Naked Introspection

Sunday, June 15, 1997

David Robinson's nude sculptures are meditations on being human.

By Barry Link, News Reporter | The Richmond News

David RobinsonHe might be sitting beside you on a bus, or a few seats down in a movie theatre; he might be sprawled across a sidewalk or standing outside an art gallery as you pass by. These pale, quiet figures are all friends of David Robinson's, people he'd like you to say hello to over the next few weeks.

The Vancouver sculptor is interested in the way we brush past scores of strangers every day without even once registering their presence.

It makes a certain cock-eyed sense, he says, in a city without a memory like this one. If we can ignore the need to save historic neighbourhoods, why would we carry memories of faceless bystanders?

As a way of addressing that dull anonymity of urban life, Robinson created a platoon of life-sized male figures, cast them in polymer-gypsum and then painted them with a milky white egg tempura glaze. The figures, called Inhabitants, will pop up in very public sites around the city for a few weeks at a time.

The goal, Robinson explains, is to inspire memories of the urban landscape through which we move. We might or might not remember having to step around a drunk on the sidewalk. But if the drunk has been rendered monumental, cast in resin life-size or larger, he becomes controversial.

He wants to argue with us, debate his right to be there, his right to lie on the sidewalk and still be a person. Our chances of carrying away a memory from that sort of encounter are much improved.

Robinson has been the subject this year of not one, but two curated museum surveys of his work. Means and Ends, the exhibition now on at Coquitlam's excellent Evergreen Cultural Centre, shows an artist of conspicuous gifts at a major turning point in his career.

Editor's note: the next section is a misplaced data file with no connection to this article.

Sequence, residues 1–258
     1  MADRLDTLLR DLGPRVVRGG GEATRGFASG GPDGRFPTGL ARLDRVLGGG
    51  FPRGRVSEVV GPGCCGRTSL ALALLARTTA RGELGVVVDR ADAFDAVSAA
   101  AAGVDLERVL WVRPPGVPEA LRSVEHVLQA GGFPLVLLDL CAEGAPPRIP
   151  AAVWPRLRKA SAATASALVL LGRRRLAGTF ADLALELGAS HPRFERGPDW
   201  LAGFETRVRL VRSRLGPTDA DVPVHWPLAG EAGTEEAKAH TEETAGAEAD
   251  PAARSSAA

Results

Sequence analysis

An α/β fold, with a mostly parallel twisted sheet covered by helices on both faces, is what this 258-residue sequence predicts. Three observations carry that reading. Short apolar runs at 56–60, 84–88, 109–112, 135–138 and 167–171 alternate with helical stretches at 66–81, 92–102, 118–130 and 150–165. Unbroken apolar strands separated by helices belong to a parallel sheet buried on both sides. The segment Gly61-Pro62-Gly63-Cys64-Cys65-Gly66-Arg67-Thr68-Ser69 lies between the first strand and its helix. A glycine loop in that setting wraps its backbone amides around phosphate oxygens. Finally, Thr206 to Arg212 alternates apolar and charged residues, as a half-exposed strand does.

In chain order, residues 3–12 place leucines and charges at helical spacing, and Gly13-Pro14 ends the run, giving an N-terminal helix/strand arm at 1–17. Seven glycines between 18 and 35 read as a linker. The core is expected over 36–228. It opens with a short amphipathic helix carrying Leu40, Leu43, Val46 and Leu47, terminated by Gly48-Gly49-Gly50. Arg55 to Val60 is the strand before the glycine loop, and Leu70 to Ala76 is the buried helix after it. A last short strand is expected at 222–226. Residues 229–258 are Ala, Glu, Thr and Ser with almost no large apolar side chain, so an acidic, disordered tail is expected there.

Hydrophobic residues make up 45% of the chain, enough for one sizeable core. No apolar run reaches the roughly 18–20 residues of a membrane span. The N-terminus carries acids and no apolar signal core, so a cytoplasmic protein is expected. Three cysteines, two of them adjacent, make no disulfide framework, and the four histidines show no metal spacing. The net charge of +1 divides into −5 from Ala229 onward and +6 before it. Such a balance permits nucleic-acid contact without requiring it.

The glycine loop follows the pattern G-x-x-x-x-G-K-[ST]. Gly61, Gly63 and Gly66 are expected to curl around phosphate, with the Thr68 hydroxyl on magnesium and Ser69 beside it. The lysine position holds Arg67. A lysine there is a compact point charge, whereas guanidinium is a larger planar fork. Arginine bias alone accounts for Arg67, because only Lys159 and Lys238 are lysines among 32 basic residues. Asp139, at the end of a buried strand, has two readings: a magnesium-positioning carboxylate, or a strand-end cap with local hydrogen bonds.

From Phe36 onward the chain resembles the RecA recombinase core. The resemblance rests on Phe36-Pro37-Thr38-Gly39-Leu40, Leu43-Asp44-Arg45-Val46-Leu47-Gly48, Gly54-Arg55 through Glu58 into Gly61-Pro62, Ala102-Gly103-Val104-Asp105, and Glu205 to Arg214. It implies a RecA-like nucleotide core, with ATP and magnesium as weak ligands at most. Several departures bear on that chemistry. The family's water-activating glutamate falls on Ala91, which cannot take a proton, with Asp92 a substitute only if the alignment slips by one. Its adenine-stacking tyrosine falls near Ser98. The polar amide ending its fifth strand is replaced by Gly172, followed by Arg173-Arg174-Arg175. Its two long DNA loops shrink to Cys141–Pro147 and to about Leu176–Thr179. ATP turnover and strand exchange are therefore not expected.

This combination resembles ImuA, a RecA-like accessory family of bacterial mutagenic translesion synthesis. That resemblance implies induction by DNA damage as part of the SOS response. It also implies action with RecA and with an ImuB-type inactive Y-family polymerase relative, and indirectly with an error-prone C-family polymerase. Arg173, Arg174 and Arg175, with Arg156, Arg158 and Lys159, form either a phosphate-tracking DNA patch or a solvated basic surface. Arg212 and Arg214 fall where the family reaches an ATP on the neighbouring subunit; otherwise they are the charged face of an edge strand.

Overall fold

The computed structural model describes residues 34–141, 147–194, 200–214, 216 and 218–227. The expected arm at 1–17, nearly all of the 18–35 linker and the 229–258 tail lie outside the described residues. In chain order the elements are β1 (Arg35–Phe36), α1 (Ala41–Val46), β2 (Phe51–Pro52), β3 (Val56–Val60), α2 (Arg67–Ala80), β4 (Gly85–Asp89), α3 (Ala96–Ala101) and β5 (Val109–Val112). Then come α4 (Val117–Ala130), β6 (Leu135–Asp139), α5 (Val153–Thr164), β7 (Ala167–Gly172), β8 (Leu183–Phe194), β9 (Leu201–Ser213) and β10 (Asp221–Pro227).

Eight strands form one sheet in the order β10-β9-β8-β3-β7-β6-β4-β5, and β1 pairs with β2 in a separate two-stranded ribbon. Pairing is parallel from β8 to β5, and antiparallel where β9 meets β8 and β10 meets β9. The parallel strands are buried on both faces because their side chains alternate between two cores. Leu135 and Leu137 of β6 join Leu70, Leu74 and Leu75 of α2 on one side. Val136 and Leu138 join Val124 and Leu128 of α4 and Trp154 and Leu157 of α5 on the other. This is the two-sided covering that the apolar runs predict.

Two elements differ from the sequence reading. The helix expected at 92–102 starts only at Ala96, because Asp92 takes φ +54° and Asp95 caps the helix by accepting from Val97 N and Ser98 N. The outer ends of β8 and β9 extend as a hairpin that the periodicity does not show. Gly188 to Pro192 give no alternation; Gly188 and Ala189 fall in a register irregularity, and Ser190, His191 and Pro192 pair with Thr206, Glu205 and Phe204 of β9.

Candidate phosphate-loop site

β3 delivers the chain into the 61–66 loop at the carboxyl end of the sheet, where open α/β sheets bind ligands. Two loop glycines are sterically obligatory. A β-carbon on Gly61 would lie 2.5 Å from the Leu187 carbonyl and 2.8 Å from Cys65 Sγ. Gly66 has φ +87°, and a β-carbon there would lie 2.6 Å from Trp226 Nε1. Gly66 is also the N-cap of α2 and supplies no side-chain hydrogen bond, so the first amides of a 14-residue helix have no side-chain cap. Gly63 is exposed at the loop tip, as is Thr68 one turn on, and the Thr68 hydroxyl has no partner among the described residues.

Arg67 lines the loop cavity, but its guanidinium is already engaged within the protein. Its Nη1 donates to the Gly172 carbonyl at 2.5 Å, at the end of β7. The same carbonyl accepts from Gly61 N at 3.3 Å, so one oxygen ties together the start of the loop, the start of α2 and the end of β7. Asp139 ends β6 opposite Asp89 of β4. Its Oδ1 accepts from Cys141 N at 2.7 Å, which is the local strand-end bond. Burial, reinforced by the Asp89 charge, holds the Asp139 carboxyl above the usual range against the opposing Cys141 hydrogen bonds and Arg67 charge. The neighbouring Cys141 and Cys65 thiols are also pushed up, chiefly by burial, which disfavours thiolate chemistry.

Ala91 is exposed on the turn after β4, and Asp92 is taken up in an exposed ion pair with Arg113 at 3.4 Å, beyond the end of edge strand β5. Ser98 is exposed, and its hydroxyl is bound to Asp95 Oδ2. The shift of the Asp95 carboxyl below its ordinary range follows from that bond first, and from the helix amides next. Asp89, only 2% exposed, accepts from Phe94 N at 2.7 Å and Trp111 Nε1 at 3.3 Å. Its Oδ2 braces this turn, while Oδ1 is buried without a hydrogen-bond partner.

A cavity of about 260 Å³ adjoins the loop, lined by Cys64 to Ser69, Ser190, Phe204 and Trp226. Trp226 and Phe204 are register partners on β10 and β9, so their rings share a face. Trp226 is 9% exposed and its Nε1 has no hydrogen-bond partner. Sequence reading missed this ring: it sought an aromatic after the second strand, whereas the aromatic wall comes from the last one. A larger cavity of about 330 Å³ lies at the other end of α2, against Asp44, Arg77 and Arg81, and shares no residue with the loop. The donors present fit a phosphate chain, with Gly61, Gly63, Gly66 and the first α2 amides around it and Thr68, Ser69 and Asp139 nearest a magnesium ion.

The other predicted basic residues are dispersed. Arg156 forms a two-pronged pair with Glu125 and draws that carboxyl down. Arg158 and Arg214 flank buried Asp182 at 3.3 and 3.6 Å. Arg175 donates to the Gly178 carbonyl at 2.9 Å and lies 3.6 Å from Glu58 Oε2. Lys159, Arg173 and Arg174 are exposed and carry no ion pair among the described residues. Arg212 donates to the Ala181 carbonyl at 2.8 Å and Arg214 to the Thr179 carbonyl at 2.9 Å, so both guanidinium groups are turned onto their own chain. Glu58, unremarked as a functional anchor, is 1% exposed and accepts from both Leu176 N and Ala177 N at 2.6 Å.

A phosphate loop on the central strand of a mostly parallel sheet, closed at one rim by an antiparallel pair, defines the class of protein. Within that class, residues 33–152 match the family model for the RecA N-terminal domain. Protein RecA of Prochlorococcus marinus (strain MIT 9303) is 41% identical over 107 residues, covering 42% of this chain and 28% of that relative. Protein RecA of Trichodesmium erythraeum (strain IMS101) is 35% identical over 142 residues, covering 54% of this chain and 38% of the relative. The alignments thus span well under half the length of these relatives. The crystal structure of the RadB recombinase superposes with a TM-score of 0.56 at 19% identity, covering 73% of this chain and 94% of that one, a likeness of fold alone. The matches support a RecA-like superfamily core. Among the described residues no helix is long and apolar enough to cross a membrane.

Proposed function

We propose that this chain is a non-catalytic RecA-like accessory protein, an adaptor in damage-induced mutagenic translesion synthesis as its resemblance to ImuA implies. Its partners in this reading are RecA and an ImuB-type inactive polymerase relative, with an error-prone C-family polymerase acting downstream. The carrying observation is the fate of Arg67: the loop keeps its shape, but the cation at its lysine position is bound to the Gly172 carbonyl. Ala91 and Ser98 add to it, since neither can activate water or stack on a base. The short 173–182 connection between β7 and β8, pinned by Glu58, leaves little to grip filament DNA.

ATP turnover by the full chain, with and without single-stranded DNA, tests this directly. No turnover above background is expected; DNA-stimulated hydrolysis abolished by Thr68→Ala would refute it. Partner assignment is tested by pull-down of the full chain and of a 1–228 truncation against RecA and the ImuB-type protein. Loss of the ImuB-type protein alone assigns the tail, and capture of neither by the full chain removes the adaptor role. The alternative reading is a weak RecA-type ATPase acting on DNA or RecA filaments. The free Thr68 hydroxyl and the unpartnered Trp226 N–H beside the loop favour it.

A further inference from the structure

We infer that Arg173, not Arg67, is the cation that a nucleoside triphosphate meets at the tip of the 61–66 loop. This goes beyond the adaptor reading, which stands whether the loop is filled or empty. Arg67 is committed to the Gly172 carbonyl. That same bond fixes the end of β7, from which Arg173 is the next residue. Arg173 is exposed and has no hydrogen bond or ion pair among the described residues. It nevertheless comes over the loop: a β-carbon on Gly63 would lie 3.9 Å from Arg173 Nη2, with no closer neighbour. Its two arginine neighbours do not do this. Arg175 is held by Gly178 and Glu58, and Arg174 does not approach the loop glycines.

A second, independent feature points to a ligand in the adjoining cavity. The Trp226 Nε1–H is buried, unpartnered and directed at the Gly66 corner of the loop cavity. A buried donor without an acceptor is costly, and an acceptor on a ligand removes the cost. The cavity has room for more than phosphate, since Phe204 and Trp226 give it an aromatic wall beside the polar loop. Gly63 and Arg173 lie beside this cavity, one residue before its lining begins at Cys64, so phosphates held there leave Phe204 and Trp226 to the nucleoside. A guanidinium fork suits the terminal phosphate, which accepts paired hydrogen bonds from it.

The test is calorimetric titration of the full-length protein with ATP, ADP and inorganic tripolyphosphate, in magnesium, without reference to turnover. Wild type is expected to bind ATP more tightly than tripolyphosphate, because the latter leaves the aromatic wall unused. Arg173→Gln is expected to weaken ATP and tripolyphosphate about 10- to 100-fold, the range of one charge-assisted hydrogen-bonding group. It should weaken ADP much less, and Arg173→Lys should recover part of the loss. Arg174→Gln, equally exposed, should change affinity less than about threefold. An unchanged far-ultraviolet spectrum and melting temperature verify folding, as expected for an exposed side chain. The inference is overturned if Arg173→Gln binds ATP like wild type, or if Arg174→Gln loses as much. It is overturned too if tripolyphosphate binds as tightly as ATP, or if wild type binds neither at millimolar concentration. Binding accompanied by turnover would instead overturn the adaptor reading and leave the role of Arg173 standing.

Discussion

In recent seasons, Robinson has focused on intricately detailed juxtapositions of humans and their urban environments. His trademark works feature male figures bound up in mechanical apparatus, as if the human body were an actual gear in a larger machine. In his early days as an artist, Robinson supported himself as a construction laborer, and some of that experience has found its way into his art.

In 1993's Core Sample, for instance, Robinson positions a male figure in an elongated, tubular pose, as if it had just been extracted from a drilling site. The bronze surface is dulled with silver nitrate in imitation of mineral ore.

From the same year, Artifice and Edifice encases a half life-sized human figure in a high-rise crane derrick, the body providing the tower on which the derrick ought to pivot. That effect is intensified by placing the sculpture on top of a tall plinth, as if it were being viewed on the unfinished roof of a West End Highrise.

While early figures are precise and realistic, recent figures are bundles of sinews and tendons, the hungry, flayed bodies of anatomical studies.

In the last year, Robinson's work has evolved considerably, becoming less minutely detailed and more expressive. Where the early figures are precise and realistic, recent figures are bundles of sinews and tendons, the hungry, flayed bodies of anatomical studies.

Created with drips of hot glue from a gIue gun and then cast in metal, these raw, rangy figures are reminiscent of Giacometti, without the great ltalian's terrifying sense of dread and anguish.

Robinson also seems to be thinking bigger that before, on the scale of true public art. Opportune Moment, produced earlier this year, is a tall face of rusted steel with a human figure poised on the sill of an opening, as if ready to fly out. Although room-sized here, the work could easily be rendered on a massive scale.

In Maquette for Inhabitants: an Urban Installation, the flayed figures are posed against the steel walls of an building excavation. The steel panels that hold back the earth, rusted and flaking, begin to look like sculptural elements themselves - the plate forms of Antony Caro, say.

Robinson's work cries out for full-scale realization - a degree of acknowledgement that normally comes only to the most senior artists, to creators such as Bill Reid and Jack Harmon.

But Robinson's superb sense of surface and nature of theatre qualify him for work as a monument builder.

He says, humbly, that he worries about making so grand a statement as a monument, in a society as pluralistic as this. But his Equestrian for instance, a mounted figure created in 1991, has a greatness unmatched by any sculpture in Vancouver, save for Reid's Spirit Canoe.

This image of a figure, loosely meshed in cord, astride a horse over which he has no control, is a plain-speaking metaphor for the way many Vancouverites feel about their lives.

It deserves to be cast in bronze, larger than life, planted where we can all share its puzzled and accepting expression.